Iran has withdrawn its ambassador to Denmark and Qatar’s Chamber of Commerce said it has halted dealings with Danish delegations, while in Bahrain parliament formed a committee to contact Arab and Islamic governments to enforce a boycott.

On Tuesday Pakistan’s Senate unanimously passed a resolution of condemnation, calling on its government to “mobilize the governments and peoples of all Muslim and peace-loving countries of the world to resort to all necessary diplomatic and other measures in response to the cartoons.

A source at the Danish Foreign Ministry in Copenhagen, speaking in an unofficial capacity and on condition of anonymity, told Daily News Egypt that Danish officials were taken aback by developments in Jordan, where the country’s major trade unions have called for the severance of trade between the two countries.

In Egypt, the Foreign Ministry’s spokesman Hossam Zaki told Daily News Egypt that government representatives had met with Denmark’s Ambassador in Cairo, Christian Hoppe, to express their dismay over the publication of the cartoons, but said that they did not intend to take official action over the matter.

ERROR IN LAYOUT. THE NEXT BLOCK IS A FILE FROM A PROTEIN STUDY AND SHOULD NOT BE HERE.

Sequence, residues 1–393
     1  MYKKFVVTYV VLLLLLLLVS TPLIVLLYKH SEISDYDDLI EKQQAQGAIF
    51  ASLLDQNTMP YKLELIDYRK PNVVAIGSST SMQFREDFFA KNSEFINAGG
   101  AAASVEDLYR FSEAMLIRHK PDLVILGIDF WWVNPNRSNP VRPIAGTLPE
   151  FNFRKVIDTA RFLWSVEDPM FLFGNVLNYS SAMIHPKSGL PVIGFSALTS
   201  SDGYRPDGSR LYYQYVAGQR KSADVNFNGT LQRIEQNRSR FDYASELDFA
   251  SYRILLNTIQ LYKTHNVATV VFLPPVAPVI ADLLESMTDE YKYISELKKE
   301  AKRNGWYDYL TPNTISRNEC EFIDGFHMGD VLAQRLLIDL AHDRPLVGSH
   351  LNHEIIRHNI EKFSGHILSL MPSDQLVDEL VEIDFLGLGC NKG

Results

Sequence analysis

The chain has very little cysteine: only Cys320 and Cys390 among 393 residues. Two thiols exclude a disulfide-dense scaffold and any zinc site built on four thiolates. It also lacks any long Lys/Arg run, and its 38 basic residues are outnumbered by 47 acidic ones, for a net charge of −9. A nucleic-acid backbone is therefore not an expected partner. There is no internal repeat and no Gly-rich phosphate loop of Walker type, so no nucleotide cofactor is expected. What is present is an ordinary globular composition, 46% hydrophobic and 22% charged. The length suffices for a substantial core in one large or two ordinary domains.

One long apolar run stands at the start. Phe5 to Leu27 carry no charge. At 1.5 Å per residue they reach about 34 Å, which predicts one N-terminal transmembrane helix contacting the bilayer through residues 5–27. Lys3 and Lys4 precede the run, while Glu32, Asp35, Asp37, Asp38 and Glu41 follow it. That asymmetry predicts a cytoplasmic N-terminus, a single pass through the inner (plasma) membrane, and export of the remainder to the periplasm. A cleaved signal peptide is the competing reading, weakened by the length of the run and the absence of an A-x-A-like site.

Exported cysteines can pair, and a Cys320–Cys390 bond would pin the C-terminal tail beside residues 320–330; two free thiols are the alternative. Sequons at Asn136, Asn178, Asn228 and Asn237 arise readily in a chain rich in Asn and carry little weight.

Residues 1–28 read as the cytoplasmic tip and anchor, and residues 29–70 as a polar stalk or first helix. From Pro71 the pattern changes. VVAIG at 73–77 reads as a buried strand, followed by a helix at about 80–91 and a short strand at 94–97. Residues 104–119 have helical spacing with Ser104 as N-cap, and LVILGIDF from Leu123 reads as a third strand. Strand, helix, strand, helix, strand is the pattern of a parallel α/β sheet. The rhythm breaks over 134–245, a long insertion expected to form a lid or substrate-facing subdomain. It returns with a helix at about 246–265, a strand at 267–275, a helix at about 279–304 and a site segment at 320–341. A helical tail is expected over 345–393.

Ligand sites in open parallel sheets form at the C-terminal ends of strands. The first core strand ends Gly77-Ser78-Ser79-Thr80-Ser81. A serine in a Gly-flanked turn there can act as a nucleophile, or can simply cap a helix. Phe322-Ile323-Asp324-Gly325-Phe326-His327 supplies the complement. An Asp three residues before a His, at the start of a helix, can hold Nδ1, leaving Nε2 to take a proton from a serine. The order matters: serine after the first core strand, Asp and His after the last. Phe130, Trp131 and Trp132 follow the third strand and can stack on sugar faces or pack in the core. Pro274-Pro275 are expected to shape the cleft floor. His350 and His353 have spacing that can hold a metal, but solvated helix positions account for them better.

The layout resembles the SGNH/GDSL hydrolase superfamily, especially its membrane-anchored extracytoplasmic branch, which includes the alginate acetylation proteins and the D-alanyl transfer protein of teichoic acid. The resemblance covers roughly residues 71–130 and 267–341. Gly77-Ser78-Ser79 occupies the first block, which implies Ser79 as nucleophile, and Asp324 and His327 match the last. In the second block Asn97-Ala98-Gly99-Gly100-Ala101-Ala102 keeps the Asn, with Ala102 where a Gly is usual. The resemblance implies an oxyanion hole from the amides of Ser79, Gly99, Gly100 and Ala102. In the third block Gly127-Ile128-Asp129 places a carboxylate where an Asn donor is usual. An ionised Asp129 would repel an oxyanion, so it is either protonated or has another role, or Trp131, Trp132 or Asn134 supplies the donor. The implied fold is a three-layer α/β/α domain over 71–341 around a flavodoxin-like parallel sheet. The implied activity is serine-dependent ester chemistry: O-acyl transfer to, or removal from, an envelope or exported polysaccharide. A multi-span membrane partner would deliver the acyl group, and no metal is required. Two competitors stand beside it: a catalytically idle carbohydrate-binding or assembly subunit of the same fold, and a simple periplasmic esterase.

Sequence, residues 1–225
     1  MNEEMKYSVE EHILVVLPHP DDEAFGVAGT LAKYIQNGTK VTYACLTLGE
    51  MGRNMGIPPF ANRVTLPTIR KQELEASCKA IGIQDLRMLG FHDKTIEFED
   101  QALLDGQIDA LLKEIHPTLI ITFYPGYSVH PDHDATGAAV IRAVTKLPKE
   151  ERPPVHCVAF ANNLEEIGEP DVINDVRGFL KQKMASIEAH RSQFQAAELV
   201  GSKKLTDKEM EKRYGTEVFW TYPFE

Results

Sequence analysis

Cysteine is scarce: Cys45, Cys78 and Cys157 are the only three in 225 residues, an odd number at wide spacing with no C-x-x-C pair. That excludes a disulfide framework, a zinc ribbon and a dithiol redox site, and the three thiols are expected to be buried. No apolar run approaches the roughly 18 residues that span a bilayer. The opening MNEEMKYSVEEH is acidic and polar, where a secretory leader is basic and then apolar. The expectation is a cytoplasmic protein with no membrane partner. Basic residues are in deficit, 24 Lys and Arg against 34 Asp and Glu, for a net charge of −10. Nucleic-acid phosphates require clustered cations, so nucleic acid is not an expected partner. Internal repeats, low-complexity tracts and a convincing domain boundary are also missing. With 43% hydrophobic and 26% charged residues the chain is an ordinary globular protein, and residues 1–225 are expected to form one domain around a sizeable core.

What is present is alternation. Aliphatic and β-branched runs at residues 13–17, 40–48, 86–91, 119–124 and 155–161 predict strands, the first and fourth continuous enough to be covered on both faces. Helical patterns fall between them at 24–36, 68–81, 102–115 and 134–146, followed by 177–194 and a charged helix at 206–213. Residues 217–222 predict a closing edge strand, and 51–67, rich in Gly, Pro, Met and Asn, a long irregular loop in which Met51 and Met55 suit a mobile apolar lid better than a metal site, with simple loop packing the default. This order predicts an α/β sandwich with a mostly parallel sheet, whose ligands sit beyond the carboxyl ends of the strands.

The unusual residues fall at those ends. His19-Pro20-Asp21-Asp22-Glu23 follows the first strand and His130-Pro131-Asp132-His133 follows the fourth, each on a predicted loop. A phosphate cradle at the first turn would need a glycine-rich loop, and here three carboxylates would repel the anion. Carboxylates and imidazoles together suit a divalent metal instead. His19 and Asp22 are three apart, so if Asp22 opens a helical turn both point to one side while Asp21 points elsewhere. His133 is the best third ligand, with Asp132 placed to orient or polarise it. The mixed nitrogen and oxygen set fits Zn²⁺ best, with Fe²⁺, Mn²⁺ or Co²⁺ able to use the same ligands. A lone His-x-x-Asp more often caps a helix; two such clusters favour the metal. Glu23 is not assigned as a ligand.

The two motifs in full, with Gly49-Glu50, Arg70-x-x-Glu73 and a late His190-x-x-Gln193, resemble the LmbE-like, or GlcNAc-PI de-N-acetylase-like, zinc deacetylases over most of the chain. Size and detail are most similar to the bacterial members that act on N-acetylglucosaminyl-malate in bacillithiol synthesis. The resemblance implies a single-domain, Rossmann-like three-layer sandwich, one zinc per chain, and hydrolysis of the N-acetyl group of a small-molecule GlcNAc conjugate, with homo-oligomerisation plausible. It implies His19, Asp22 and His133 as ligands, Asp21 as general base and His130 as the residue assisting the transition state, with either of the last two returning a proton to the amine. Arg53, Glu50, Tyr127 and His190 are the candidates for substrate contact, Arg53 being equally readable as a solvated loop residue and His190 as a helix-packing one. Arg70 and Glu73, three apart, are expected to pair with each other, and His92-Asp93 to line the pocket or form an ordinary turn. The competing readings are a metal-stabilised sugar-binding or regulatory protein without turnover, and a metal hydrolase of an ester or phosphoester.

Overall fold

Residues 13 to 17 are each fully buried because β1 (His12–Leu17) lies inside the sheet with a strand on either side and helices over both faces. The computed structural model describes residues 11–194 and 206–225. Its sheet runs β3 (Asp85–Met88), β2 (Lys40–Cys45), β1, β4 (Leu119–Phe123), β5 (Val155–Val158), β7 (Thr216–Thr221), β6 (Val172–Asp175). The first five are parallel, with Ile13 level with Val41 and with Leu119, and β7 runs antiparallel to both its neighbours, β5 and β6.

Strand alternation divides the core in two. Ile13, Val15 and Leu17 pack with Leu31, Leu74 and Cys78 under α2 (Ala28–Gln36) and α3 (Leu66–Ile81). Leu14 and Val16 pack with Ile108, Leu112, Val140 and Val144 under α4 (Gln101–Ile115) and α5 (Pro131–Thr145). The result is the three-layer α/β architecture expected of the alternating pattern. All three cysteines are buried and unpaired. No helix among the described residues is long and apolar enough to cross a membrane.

“We called on the ambassador to make all possible efforts to ensure this doesn’t happen again, Zaki said.

“It is really unfortunate that a country like Denmark would cause such harm to its image and its economic interests. Nobody can understand why they would republish these cartoons.

A youth football match that was due to take place last week between Egypt and Denmark was also cancelled, which according to the spokesperson for the Egyptian football union, Alaa Eldin, was made by the Egyptian

government, though Zaki denies any government involvement in the decision.Officials and businesspeople in Denmark are particularly worried about the economic impact another boycott might have on the Danish economy after a boycott in 2006 following the original publication of the cartoons cost the economy an estimated $1.5 billion.

Already in most major supermarkets around Cairo signs have been put up saying that no Danish products are on sale.

Mohamed Hammad, a manager at Metro supermarket in Zamalek, told Daily News Egypt that the store would not sell Danish products and would keep its sign up until there was an official apology from Denmark.